# Filters

I found this page which was a helpful expansion on David's email of Feb. 11. Note however that the table for Photon Flux has different central wavelengths for the AB filters than David did (the data for the Johnson filters all match). --Childers 18:19, 19 February 2012 (PST)

## Convert Johnson Magnitude to Janskys

Solving the magnitude formula for the flux yields:

flux = 10^(-0.4*magnitude) * zero_point_flux ~ (0.3981)^magnitude * zero_point_flux

test $\displaystyle f = 10^{-0.4m} \times f_0 \sim (0.3981)^{m} \times f_0$ $\displaystyle B_{\lambda} = \left(\frac{2hc^2/\lambda^5}{\exp(hc/\lambda kT)-1)}\right)$

$\displaystyle f = 10^{(-0.4m)} f_0 \approx (0.3981)^m f_0$ test

Since the magnitude is a dimensionless quantity, the units for the flux will be identical to the units for the zero_point_flux. In the table below, use the right-most column.

## Convert AB Magnitude to Janskys

Because the AB magnitude system is defined by a fixed zero-point flux instead of a reference object, any AB magnitude can be converted to janskys with this formula:

flux = (0.3981)^magnitude * 3631 Jy

$\displaystyle \phi = (0.3981)^m \times 3631 \mathrm{Jy}$

## David's Original E-Mail

Dear Folks,

As you know magnitudes are a logarithmic unit that runs backwards (i.e., brighter sources have smaller values). The magnitude scale is defined such that

magnitude = -2.5*log10(flux/zero_point_flux)

$\displaystyle m=-2.5\log{\frac{\phi}{\phi_0}}$

where flux is the flux of the star and the zero_point_flux is the flux of a reference star DEFINED to have a magnitude = 0.0

Magnitudes are useful handles on comparing the brightness of two or more sources within the same filter; i.e., source A has a magnitude of V=10 and source B has a magnitude of V=5 therefore source A is 100 times fainter). But in order to compare brightnesses of the SAME object at different filters or to compare other physical units (like the total luminosity), the magnitude scale needs to be converted to flux. For example, Vega is DEFINED to have a Johnson V=0 mag and a Johnson K = 0 mag; however, Vega is 5 times brighter in the optical (V) than it is in the infrared (K).

And just to make things more complicated, there are actually two different kinds of magnitudes. There is the Johnson magnitude system (the one you are most familiar with). In this system, Vega is the standard where all magnitudes are compared to Vega which is DEFINED to have a magnitude = 0 in every filter. These filters typically include (and capitalization matters here) UBVRIJHK. In this system, the zero_point_flux for each filter changes, because the brightness of Vega changes with wavelength.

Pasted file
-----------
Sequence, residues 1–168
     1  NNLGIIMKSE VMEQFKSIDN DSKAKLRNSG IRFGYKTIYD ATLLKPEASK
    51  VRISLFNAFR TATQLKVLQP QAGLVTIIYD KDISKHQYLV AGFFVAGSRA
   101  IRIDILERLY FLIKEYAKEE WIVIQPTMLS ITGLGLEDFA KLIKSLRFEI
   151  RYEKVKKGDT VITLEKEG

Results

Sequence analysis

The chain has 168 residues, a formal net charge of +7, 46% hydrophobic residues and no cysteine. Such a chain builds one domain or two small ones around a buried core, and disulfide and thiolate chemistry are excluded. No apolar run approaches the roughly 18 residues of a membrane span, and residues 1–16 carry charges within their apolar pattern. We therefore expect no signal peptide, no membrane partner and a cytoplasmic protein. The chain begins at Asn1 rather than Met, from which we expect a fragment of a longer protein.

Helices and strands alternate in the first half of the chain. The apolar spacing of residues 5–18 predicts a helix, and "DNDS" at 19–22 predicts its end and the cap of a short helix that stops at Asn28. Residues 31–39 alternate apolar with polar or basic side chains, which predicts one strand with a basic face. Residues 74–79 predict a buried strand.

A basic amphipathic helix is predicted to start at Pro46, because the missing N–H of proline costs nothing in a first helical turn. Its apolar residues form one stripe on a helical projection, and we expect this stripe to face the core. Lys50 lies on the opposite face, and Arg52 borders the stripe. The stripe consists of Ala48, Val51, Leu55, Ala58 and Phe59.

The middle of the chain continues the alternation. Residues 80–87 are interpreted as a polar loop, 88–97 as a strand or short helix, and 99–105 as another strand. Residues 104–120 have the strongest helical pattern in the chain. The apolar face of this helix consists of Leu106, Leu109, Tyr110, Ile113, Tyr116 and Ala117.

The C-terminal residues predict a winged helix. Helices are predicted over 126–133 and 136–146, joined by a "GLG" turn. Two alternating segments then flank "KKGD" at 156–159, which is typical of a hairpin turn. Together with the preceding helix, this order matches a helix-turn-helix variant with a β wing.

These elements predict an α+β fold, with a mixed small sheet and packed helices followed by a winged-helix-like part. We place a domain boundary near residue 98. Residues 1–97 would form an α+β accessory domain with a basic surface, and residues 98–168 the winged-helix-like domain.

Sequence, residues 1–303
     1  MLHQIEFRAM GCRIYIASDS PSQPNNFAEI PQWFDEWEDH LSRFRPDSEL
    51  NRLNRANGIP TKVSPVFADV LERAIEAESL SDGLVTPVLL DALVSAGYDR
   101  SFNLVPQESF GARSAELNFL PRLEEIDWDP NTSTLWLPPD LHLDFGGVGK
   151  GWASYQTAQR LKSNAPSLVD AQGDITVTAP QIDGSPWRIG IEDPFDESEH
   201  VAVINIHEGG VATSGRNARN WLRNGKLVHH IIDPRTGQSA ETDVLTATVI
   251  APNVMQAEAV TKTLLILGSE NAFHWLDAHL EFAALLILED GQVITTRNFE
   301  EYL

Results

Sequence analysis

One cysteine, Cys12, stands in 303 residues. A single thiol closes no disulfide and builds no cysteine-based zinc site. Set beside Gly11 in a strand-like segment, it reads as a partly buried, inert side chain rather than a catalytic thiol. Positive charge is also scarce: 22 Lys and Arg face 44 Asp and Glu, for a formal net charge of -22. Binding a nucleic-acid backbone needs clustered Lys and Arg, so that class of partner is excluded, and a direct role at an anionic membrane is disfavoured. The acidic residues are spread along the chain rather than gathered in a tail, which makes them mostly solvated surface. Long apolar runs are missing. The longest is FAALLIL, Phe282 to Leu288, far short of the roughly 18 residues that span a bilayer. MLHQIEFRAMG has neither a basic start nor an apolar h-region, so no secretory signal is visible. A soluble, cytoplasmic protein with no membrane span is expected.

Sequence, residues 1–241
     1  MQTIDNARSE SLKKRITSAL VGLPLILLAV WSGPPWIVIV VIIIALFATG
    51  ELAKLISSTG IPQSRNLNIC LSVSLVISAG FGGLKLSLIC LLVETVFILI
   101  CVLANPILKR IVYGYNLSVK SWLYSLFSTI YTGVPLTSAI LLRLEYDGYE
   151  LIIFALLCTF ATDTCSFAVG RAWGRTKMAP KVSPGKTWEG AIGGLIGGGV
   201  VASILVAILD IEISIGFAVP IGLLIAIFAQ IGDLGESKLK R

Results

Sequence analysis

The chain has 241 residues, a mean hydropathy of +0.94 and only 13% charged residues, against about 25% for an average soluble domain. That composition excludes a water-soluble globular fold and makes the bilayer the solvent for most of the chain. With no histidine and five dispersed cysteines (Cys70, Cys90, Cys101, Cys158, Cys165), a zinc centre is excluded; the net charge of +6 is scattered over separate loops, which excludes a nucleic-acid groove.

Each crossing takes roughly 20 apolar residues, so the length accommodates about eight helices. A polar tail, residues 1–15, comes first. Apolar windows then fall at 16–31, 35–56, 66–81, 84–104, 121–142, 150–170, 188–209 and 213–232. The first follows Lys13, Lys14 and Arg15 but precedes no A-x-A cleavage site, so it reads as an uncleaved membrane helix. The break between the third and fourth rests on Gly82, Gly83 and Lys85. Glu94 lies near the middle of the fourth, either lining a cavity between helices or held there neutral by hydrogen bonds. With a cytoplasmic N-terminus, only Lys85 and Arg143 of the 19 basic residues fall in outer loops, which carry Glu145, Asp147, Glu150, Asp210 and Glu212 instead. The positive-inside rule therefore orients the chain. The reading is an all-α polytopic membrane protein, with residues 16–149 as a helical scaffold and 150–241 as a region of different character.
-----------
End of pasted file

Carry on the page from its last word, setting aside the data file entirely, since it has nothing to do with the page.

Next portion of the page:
Filter Central wave (microns) Width wave (microns) zero point flux (Jy)
U 0.36 0.15 1810
B 0.44 0.22 4260
V 0.55 0.16 3640
R 0.64 0.23 3080
I 0.79 0.19 2550
J 1.26 0.16 1600
H 1.60 0.23 1080
K 2.22 0.23 670
Ks 2.15 0.31 666.7

(1 Jy = 1 Jansky = 10^-26 W Hz^-1 m^-2)

There is another type of magnitude system called the AB magnitude system where Vega is not the standard, but rather every filter is DEFINED to have the same zero_point_flux of 3631 Jy for all filters in the AB system. The ugriz filters in the Kepler catalog are in the Sloan Digitized Sky Survey (SDSS) system which is an AB magnitude system.

Central wavelengths of these filters are ...

u g r i z
0.355 0.469 0.617 0.748 0.893

Finally, just to make things even more confusing, there are various versions of the filters (e.g., Johnson R vs Cousins R) that are similar but slightly different in wavelength or zero point flux or both. For our purposes, I would not worry so much about that.

One more finally, in the KIC, you will see two filter D51 and GREDMAG - those are non-standard filters and finding conversions for those is difficult. You can collect them but I will need some time to think about how to use them.

Also one more finally, I used the term flux. Actually, these conversions are from magnitude to FLUX DENSITY. A flux density is an amount of energy per time per area per unit wavelength or frequency (hence the per Hz in the units of Jansky) whereas a flux is an amount of energy per unit time per area over all wavelengths. The terminology is a detail that astronomers often use interchangeably - and often incorrectly.

$\displaystyle B_{\lambda} = \left(\frac{2hc^2/\lambda^5}{\exp(hc/\lambda kT)-1)}\right)$